Among the many complaints users have had with Windows 8, the biggest is its dual personality that grafts the Windows 8 Metro user interface to the traditional Windows Desktop, a combination my colleague J. Peter Bruzzese accurately labeled "Windows Frankenstein." As a result, PC sales accelerated their decline as users bought tablets instead and businesses bought Windows 7 PCs (which they can still easily buy, unlike home users) -- or nothing at all.
PC makers are watching their market shrivel, and after a year of hoping the anti-Windows 8 sentiment would blow over and people would dutifully buy whatever was on offer, they realized users aren't going to spend money on Windows 8 PCs. As a result, the big three PC makers -- Dell, Hewlett-Packard, and Lenovo -- have all begun selling Android tablets. The problem is, they make less money from those tablets than they do the already-thin-margin Windows PCs their profit goals depend on. Intel is also pushing traditional PC makers to make Andoid tablets using its x86 version of Android, to make up for lost PC chip sales. For Intel too there's less money in x86-based Android tablets.
In response, at this week's Consumer Electronics Show (CES), PC makers are unveiling "PC Plus" systems -- Windows PCs that also run Android applications via emulation or virtualization -- reputedly from Intel. Here comes Windroid!
I can't begin to fathom how anyone at these companies thought it made sense to graft yet another head on to Windows 8. But I can see how they came to this cockeyed conclusion: "People aren't using touchscreens on Windows 8 PCs because there are so few Metro apps -- so what if we filled that gap with Android?" This approach would let them sell $800 Windroid PCs rather than $300 Android tablets.
But this logic ignores a very inconvenient truth: If the solution to the PC dilemma is Android, then users will buy Android devices, cutting out the complexity of dealing with Windows as well. We've already seen that behavior take root among iPad users. As for the purported convenience of one PC that does it all, remember that most U.S. households already have tablets despite the "inconvenience" of switching devices. In fact, tablets are more convenient than PCs because they weigh less, are easier to use on the couch and other nondesk locations, and have longer battery life. And they do most of what people do most of the time.
Then there's the Frankenstein problem: Users don't like having to mentally reset as they move from Windows Desktop to Metro on the same device. Sometimes the touchscreen works, sometimes it doesn't. Sometimes familiar shortcuts work, sometimes they don't. Now add Android, with its very different UI. It's clear people will make such mental switches when they move from one device to another, but they're not happy to do in the same physical context.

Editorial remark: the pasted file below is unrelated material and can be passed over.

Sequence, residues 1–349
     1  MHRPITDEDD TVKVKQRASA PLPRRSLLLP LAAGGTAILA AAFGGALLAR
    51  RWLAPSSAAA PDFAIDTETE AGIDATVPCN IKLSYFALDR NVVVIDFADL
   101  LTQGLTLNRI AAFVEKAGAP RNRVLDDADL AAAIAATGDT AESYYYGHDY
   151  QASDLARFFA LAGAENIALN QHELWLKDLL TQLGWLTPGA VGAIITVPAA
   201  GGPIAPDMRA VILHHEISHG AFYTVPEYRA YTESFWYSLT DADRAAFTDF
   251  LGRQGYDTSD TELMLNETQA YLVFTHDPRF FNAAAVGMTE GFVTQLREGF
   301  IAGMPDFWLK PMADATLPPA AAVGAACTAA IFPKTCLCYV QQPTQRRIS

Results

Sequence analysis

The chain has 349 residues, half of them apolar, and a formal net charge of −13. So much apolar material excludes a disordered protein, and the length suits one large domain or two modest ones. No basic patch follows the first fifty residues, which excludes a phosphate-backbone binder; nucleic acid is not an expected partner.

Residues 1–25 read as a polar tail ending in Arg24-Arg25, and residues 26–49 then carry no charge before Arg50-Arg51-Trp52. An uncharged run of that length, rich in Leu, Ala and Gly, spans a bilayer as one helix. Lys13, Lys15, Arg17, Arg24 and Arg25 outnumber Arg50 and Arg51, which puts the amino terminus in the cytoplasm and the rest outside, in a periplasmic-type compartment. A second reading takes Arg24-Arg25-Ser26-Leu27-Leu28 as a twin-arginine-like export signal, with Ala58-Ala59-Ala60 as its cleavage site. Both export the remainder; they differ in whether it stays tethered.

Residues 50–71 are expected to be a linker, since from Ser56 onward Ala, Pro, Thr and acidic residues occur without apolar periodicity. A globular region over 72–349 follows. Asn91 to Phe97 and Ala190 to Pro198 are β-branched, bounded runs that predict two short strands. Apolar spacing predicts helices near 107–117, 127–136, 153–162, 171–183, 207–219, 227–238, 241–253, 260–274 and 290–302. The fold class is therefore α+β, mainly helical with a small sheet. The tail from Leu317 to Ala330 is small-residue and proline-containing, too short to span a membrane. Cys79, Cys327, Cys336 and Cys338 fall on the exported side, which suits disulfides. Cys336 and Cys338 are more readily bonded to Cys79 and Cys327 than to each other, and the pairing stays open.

Especially when that same physical context isn't designed for the job. One of the big design flaws in Windows 8 touchscreen PCs is the use of a touchscreen that's vertical, requiring people to reach out and hold their arms in awkward positions that can cause physical damage over time. Metro apps can be controlled via a keyboard and mouse, though awkwardly, so users on a laptop or PC can avoid this problem. But Android apps are designed for an all-touch environment -- a horizontal touch environment, that is -- increasing the dissonance. So, in addition to the context shift to use Android apps on a Windroid PC, users face an anti-ergonomic user experience. (The Android-only PCs also announced at CES this week suffer this same fatal flaw.)
In other words, a Windroid PC is a bad Android tablet that does nothing to address Windows 8's failings. It only exacerbates them.
You might argue that such emulation is proven in the form of desktop virtualization tech that lets Macs run Windows and Linux. Yes, the technology is proven. But remember why Mac users use tools like Parallels Desktop and VMware Fusion: as a transition aid from one desktop OS to another (Windows to OS X), as a safety net (for must-use apps available only in Windows), or for Web and application testing (one machine can run all versions of the site or app, a major convenience for developers). Most people use desktop virtualization tech to abandon Windows safely, but the goal of the PC Plus is to keep people in Windows -- adding Android won't do that, and it could even accelerate the switch away from PCs if people really do take to Android on their PCs and realize they don't need the PC part any more.